Thursday, 26 March 2020

Venezuela's Maduro Allegedly Runs Cartel, $15 Million Bounty Announced

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The United States has charged Venezuelan President Nicolás Maduro and other high-level officials in the South American country with “narco-terrorism.” 

Attorney General William Barr announced the charges at a news conference Thursday. The American AG said a $15 million reward is being offered for information leading to Maduro’s arrest.

According to the indictment, Maduro conspired with a faction of the Colombian Marxist rebel group FARC (Revolutionary Armed Force of Columbia), long-known for engaging in the illicit drug trade to fund its activities, to “flood the United States with cocaine" and "devastate American communities.”

"While the Venezuelan people suffer, this cabal ... lines their pockets," Barr added. 



The head of the Justice Department claimed the Venezuelan president used drugs as a political weapon to weaken the United States. “Maduro very deliberately deployed cocaine as a weapon ... to undermine the health and wellbeing of our nation,” Barr said, accusing the foreign leader of leading a “narco-terrorism partnership with the Farc for the past 20 years.”

U.S. officials also alleged that Maduro and his associates have participated in international money-laundering, running their funds through banks in Florida.

“Over the last decade, corrupt Venezuelan government officials have systematically looted Venezuela of billions of dollars,” said U.S. Attorney Ariana Fajardo Orshan. “Far too often, these corrupt officials and their co-conspirators have used South Florida banks and real estate to conceal and perpetuate their illegal activity. As the recent charges show, Venezuelan corruption and money laundering in South Florida extends to even the highest levels of Venezuela’s judicial system. In the last couple of years, the US Attorney’s Office in South Florida and its federal law enforcement partners have united to bring dozens of criminal charges against high-level regime officials and co-conspirators resulting in seizures of approximately $450 million dollars.”

In addition to Maduro, those named in the indictment include Diosdado Cabello Rondón, head of Venezuela’s National Constituent Assembly; Hugo Armando Carvajal Barrios, aka “El Pollo,” former director of military intelligence; Clíver Antonio Alcalá Cordones, former general in the Venezuelan armed forces; Defense Minister Vladimir Padrino Lopez; and even Maikel Jose Moreno Perez, chief justice of the Venezuelan Supreme Court.

Maduro and the others named in the indictment have allegedly, since at least 1999, “acted as leaders and managers” of a drug syndicate known as Cártel de Los Soles, or “Cartel of the Suns.” The name is a play on the sun insignia found on the uniforms of high-ranking Venezuelan military officers.

FARC allegedly relocated some of its operations to Venezuela at the turn of the century under the Cártel’s protection. Together, the two entities began dispatching processed cocaine from Venezuela to America by means of transshipment points in the Caribbean and Central America, including Honduras.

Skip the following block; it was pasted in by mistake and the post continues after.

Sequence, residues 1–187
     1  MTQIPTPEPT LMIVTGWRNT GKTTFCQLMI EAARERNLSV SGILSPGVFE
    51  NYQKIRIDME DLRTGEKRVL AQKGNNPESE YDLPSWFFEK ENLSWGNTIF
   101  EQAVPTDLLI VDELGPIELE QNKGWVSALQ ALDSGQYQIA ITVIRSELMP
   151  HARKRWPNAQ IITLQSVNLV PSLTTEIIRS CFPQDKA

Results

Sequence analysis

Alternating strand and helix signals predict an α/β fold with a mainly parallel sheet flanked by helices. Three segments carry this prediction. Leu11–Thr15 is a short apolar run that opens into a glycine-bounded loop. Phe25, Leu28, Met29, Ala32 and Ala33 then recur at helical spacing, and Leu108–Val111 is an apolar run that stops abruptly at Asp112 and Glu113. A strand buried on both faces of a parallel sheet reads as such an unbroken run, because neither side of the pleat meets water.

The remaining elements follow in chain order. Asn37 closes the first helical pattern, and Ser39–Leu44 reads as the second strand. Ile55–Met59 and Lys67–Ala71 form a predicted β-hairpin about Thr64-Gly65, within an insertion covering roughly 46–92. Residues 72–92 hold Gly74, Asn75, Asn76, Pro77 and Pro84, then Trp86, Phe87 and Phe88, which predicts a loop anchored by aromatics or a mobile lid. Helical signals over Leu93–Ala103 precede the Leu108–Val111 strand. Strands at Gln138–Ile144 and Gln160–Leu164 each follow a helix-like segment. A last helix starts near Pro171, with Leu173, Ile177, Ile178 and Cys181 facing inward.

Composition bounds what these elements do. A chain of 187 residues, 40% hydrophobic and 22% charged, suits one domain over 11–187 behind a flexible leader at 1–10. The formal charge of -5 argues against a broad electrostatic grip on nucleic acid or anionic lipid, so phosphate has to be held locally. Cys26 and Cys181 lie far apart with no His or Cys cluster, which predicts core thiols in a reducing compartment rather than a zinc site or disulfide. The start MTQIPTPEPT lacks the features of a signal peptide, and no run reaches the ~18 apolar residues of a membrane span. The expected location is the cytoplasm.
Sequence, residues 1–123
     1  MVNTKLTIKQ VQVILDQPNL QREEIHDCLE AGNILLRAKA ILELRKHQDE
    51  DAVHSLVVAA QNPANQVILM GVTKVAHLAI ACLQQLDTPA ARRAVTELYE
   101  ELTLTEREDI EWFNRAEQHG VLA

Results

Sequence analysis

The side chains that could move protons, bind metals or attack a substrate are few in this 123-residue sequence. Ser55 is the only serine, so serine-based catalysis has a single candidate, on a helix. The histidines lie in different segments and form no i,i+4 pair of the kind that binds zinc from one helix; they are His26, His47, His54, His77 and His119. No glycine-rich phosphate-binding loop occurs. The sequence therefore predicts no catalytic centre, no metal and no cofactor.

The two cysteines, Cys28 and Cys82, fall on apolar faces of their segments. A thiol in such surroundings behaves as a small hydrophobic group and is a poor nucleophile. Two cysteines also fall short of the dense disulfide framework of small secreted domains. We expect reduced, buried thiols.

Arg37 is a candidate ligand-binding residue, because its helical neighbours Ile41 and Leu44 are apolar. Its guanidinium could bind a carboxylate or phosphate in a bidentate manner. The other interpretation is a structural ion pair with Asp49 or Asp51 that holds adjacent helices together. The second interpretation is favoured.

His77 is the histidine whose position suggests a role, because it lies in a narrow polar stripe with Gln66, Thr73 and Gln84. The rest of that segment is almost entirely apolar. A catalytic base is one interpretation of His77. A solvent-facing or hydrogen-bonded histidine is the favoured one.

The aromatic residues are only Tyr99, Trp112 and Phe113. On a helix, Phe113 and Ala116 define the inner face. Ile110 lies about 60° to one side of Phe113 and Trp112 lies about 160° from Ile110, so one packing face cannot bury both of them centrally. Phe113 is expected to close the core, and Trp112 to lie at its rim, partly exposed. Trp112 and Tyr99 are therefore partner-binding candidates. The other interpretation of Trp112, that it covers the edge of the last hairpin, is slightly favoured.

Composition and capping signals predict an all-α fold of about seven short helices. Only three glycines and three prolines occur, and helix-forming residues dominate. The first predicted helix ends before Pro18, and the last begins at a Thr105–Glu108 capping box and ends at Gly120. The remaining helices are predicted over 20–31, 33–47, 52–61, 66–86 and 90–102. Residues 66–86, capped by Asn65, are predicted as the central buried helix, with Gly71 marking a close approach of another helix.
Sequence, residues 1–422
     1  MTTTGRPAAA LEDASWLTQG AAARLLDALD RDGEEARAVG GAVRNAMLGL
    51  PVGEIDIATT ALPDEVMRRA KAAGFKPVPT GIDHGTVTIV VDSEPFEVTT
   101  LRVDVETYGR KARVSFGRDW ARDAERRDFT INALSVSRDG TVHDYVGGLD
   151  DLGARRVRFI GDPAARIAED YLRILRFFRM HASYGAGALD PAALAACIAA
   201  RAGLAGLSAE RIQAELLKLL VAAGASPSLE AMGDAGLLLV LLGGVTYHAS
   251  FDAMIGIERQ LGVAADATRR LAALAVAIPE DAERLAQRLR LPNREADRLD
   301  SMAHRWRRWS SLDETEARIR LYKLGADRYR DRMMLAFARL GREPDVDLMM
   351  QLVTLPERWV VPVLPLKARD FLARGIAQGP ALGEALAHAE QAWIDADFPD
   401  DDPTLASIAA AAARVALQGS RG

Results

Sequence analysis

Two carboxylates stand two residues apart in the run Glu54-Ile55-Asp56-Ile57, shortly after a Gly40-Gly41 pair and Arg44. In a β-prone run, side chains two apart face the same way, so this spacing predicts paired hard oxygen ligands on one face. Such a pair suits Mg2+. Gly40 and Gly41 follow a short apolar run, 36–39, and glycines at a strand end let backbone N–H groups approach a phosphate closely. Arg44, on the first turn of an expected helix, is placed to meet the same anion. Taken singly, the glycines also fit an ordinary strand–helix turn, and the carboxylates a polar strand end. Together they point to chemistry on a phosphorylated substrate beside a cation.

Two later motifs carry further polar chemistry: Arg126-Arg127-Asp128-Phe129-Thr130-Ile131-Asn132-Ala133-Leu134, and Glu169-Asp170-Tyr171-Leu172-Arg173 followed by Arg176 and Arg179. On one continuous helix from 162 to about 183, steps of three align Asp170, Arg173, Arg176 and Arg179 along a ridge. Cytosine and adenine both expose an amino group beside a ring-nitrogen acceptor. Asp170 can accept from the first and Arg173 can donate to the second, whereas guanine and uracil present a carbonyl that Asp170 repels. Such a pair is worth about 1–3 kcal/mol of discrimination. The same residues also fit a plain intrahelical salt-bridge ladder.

The State Department estimates that by 2004, 250 or more tons of cocaine were exiting Venezuela per year via go-fast vessels, fishing boats, and container ships. The Cártel de los Soles and FARC also conducted air shipments using clandestine airstrips that went through an “air bridge” connecting Venezuela and Honduras.

The indictment claims that not only did Maduro negotiate cocaine shipments, but also directed the Cártel de Los Soles to arm FARC with military-grade weapons, coordinated affairs with Honduras and other countries to enable drug trafficking, and employed the assistance of FARC leadership in training an unsanctioned militia group that served as a private army for the Cártel.

“These indictments expose the devastating systemic corruption at the highest levels of Nicolas Maduro’s regime,” said DEA Acting Administrator Uttam Dhillon.  “These officials repeatedly and knowingly betrayed the people of Venezuela…. Today’s actions send a clear message to corrupt officials everywhere that no one is above the law or beyond the reach of U.S. law enforcement.”

The socialist Maduro narrowly won a presidential election in April 2013 following the death of his mentor, Hugo Chavez. He was reelected in May 2018 in what some international observers saw as a "fixed" election.

Venezuela’s socialist program has led to a severe economic crisis, with an inflation rate of 800,000 percent last year and 4.8 million people fleeing the country. Venezuelans are plagued by power outages and long lines to buy scarce essential items like toilet paper.

The United States has recognized opposition leader Guaidó as Venezuela’s legitimate president, though Maduro remains in power with support from the military and from the nations of Russia, Cuba, and China.

Luis Miguel is a writer whose journalistic endeavors shed light on the Deep State, the immigration crisis, and the enemies of freedom. Follow his exploits on FacebookTwitterBitchute, and at luisantoniomiguel.com.

Image of Nicolas Maduro: Screeshot of video by CBS Miami

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